The Obstacle is the Way (San Francisco: Tim Ferriss, 2014)

Note: This is the second installment of a new monthly feature where I review books that I think would be great reads for students.

What do Abraham Lincoln, John D. Rockefeller, and Steve Jobs have in common?  Stoicism. Each of these men achieved greatness while enduring immense hardships. And they did it without complaining. Each made decisions based on deep-rooted principles, removing any tendency to be emotive in their processes.

The admirable trait of stoicism was written about by the Roman emperor Marcus Aurelius, who was the last of the Five Good Emperors. Aurelius was not the first to write about this notion, but he is perhaps best known Stoic philosopher. Meditations is still viewed as a literary testament to his philosophical thinking.

The impediment to action advances action. What stands in the way becomes the way.

Stoicism is exemplified in having the intestinal fortitude to persist through the obstacles in our way.  It’s about clear thinking. The practice of stoicism has allowed men like Steve Jobs to recognize that the very obstacle was the path to the solution to a problem.  The stoic recognizes that the best solution to a problem is often found in going through the “messy middle.”  Reaching goals is hard, otherwise they wouldn’t be worth achieving. No one aspires to mediocrity, right?

What does this have to do with students? The solution to their problems often lies in confronting the very obstacle that they are trying to avoid. Suppose you hate a subject. Math seems to be a favorite subject to dislike. If you absolutely hate math, the best way to cope is to analyze and confront your difficulties. (Sorry, the teacher doesn’t teach it right does not count.) Unfortunately, trying to remove the obstacle is a leftist model that many university students are all too familiar with these days.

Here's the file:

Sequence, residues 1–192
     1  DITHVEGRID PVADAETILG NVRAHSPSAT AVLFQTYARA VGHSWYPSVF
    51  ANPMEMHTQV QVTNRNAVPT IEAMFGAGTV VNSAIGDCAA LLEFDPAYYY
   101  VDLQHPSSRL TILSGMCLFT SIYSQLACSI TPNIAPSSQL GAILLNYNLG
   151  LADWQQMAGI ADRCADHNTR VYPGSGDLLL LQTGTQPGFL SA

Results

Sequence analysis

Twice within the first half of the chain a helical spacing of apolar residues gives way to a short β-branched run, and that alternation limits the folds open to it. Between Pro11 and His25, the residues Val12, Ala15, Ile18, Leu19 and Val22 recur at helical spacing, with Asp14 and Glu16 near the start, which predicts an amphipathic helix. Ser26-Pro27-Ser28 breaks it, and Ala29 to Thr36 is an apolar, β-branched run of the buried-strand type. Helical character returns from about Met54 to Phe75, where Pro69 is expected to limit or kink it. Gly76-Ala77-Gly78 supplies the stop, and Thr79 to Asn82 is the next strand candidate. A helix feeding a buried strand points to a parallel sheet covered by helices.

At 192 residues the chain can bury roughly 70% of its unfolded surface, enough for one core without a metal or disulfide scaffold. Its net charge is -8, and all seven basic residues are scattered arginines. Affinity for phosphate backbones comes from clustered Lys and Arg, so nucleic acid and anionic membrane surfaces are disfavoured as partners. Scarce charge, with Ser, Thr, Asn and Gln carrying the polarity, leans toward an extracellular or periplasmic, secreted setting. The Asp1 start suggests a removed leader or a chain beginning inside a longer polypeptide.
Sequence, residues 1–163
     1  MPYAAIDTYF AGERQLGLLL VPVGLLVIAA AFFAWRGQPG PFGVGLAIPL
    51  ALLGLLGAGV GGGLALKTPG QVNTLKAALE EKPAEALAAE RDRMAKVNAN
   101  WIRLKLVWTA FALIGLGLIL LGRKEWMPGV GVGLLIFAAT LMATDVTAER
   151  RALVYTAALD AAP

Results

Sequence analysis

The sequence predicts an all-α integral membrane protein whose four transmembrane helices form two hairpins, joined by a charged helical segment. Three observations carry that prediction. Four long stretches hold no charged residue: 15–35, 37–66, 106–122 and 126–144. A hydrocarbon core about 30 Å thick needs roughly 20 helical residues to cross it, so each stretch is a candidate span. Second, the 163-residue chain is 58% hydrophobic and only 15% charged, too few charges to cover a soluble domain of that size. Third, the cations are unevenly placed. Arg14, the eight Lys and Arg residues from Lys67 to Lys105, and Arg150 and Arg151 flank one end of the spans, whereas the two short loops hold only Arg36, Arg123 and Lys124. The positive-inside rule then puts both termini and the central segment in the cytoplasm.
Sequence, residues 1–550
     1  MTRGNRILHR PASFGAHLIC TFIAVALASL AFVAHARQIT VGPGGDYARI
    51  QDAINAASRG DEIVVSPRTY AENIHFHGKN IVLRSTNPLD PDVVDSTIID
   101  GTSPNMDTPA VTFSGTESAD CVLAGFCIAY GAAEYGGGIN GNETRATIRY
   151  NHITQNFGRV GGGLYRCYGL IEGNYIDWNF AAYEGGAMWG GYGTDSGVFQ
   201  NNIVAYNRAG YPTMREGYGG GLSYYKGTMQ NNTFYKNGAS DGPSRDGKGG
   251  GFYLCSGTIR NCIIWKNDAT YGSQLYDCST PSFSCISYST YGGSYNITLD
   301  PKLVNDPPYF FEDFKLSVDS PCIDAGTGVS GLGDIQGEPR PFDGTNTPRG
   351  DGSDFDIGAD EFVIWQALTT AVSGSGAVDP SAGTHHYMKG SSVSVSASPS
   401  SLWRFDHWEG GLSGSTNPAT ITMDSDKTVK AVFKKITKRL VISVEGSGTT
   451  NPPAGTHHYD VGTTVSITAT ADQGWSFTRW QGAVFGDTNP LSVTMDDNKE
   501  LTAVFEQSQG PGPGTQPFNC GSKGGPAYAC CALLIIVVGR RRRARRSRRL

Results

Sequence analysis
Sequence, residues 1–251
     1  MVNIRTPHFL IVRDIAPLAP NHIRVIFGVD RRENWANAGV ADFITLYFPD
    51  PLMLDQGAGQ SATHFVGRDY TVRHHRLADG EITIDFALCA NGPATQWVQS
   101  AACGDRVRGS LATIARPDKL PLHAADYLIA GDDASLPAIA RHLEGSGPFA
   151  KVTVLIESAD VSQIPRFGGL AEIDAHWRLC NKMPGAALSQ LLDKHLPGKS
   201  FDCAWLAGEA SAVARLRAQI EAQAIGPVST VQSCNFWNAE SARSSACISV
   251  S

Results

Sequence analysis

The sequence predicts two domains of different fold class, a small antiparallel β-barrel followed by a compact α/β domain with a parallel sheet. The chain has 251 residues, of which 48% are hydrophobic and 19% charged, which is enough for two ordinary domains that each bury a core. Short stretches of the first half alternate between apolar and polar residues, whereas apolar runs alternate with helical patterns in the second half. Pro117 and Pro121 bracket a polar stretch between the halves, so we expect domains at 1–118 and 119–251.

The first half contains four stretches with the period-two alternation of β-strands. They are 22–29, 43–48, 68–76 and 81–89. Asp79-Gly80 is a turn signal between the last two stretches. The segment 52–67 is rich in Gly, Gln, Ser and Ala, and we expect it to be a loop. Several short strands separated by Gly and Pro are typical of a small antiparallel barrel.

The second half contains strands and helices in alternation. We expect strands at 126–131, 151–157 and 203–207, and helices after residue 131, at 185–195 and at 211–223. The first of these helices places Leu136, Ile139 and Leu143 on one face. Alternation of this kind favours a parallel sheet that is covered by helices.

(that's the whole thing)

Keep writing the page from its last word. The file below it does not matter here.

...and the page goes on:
The points is, if you struggle in a particular subject, your struggle is most certainly not with the content provider; it is with the hard work of learning the content. School is hard work. One of the reasons that having an education is so coveted is because it tells the rest of the world that you did something challenging, that you have faced obstacles and comes through a success. And an education is the one thing you own that no one can take.

Author Ryan Holiday delivers a compelling indictment of societal expectations on our youth. I am reminded of the student who thinks that hating something enough will make it go away and not be true. Of course, the truth is undefeated, and no amount of commiserating is ever going to alter truth.

What obstacles have you overcome? What achievement to you attribute to the your staying the course and facing down a tough obstacle?

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